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Why abortion is probably going back to the Supreme Court
A ruling on Texas' restrictive abortion laws all but guarantees the high court will intervene
 
Davis kicked off a battle that may wind up in the highest court in the land.
Davis kicked off a battle that may wind up in the highest court in the land. (Getty Images/Erich Shlegel)

Texas state Sen. Wendy Davis (D) may have lost the early battle on abortion rights, but it appears the war is just beginning.

Months after Gov. Rick Perry (R) called a special legislative session to pass a restrictive abortion bill that Davis had filibustered for 11 hours, a federal judge ruled on Monday that some of its provisions are unconstitutional.

A day before many of the provisions of House Bill 2 were supposed to take effect — including one that was expected to force the closure of one third of Texas' abortion clinics — District Judge Lee Yeakel blocked them.

The most significant aspect of the ruling regarded a regulation mandating that abortion doctors have admitting privileges at a nearby hospital. The bill's proponents claimed it was a way to ensure health and safety standards. However, Yeakel ruled that it "does not bear a rational relationship to the legitimate right of the State in preserving and promoting fetal life or a woman's health."

Moreover, citing the 1992 Supreme Court decision Casey v. Planned Parenthood, which ruled that a law cannot put an undue burden on a woman seeking an abortion, Yeakel concluded that the admitting privileges regulation did pose "a substantial obstacle in the path of a woman seeking an abortion."

While Mississippi passed a law with a similar restriction last year, which has also been blocked by a federal judge, that was a temporary order that will remain in effect until a trial scheduled for March 2014. Yeakel's Texas ruling is final, which "sets the groundwork for the 5th Circuit [Court of Appeals] to review the merits of the law, not just an injunction against it," writes Chris Tomlinson at the Associated Press.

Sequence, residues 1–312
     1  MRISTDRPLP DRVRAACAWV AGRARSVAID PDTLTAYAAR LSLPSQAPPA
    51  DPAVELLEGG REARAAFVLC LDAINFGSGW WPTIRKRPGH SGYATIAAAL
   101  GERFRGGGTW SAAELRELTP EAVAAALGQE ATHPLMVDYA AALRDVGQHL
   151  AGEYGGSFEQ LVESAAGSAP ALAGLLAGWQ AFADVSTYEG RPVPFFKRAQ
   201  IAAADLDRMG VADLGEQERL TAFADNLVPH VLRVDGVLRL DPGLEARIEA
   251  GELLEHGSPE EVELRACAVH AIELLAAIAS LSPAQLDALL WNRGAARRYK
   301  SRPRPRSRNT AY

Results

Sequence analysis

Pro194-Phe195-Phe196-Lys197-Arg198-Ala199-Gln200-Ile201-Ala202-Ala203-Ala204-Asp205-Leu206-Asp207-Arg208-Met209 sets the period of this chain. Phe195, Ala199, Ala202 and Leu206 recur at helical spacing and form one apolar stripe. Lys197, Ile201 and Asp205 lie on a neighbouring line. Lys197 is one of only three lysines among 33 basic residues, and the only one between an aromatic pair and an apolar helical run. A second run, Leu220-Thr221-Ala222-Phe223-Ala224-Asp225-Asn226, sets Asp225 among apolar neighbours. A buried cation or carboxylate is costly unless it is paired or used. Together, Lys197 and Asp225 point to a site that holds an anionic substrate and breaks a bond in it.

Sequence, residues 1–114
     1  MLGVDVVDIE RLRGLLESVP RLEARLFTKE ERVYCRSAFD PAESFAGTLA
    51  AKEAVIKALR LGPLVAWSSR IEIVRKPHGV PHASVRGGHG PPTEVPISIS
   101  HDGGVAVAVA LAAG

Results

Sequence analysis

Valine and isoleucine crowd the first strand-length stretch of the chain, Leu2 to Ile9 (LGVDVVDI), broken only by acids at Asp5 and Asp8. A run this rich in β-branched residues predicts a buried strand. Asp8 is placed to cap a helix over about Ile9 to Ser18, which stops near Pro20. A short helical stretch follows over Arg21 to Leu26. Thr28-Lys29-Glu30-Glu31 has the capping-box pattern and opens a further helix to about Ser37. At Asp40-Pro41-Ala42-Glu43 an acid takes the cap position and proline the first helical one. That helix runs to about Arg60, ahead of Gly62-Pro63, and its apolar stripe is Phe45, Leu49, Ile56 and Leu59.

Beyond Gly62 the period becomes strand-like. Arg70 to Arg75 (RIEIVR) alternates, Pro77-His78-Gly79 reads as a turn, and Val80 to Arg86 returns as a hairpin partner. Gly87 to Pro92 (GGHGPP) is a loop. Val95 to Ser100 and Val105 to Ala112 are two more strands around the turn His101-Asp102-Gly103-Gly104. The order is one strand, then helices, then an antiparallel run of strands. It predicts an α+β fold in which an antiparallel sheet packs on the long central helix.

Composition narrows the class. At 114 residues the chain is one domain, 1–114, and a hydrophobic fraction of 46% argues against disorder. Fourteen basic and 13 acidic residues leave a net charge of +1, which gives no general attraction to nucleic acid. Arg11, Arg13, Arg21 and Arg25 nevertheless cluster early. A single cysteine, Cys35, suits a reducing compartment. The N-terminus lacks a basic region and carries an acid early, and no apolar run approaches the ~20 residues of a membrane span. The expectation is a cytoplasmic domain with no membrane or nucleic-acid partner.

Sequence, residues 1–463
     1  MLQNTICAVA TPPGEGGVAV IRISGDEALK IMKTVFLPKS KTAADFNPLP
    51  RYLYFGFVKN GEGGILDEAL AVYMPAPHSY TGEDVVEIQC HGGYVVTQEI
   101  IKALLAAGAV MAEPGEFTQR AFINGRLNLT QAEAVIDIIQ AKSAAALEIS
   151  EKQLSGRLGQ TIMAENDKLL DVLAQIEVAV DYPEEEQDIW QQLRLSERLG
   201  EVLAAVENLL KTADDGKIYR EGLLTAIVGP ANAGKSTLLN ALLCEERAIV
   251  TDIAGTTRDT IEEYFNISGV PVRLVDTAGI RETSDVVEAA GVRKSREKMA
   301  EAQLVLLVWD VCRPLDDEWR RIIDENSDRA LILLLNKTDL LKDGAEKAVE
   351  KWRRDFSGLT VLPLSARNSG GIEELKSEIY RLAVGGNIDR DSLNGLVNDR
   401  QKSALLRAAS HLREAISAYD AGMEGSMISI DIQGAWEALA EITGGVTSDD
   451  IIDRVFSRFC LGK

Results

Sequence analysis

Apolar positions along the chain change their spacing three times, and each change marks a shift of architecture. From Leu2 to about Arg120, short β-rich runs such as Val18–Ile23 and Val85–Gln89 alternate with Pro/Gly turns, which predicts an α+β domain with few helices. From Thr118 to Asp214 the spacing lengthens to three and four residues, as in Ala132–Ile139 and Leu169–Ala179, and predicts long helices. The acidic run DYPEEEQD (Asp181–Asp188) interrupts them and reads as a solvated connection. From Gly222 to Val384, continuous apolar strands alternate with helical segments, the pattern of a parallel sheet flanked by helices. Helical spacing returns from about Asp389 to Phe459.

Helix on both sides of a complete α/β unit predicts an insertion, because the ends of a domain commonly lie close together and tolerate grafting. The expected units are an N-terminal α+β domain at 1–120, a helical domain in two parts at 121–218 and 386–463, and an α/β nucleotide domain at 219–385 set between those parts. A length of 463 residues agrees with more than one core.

And once the law enters the appellate court circuit, it's just one layer removed from the Supreme Court.

Further increasing House Bill 2's odds of being SCOTUS fodder: One of its provisions bans all abortions after 20 weeks, which "legal experts say is in conflict with Supreme Court decisions granting a right to abortion until the fetus is viable outside the womb, usually at around 24 weeks," writes Erik Eckholm at the New York Times.

While 12 states have similar restrictions, they have been blocked in three. The disagreement between different courts in different states only further suggests that the Supreme Court will step in to clarify its position. In fact, Texas "is already vowing an emergency appeal to the 5th Circuit Court of Appeals," says Wade Goodwyn at NPR.

The 5th Circuit tilts heavily conservative, currently composed of 10 Republican-appointed judges and five Democratic-appointed ones. It has been described by the Associated Press as a "corporation-friendly, pro-prosecutor foe of death penalty appeals and abortion rights advocates." If the 5th Circuit lives up to its reputation, "it's very likely that Planned Parenthood and their allies would appeal it to the U.S. Supreme Court."

Attorney General Gregg Abbott has already predicted that the case will make it to the highest court in the land. "I have no doubt that this case is going all the way up to the United States Supreme Court," Abbott told the Associated Press.

Even Yeakel recognized that he is not the final word on these controversial abortion provisions, noting that "at the end of the day these issues are going to be decided definitely not by this Court, but by either the Circuit or the Supreme Court."

Indeed, it seems the question will inevitably turn to how the Roberts court will decide the case — and whether the conservative-leaning court will continue to undo the more moderate positions taken by former Justice Sandra Day O'Connor, a swing vote who helped craft the decision in Casey.

 
Emily Shire is chief researcher for The Week magazine. She has written about pop culture, religion, and women and gender issues at publications including Slate, The Forward, and Jewcy.

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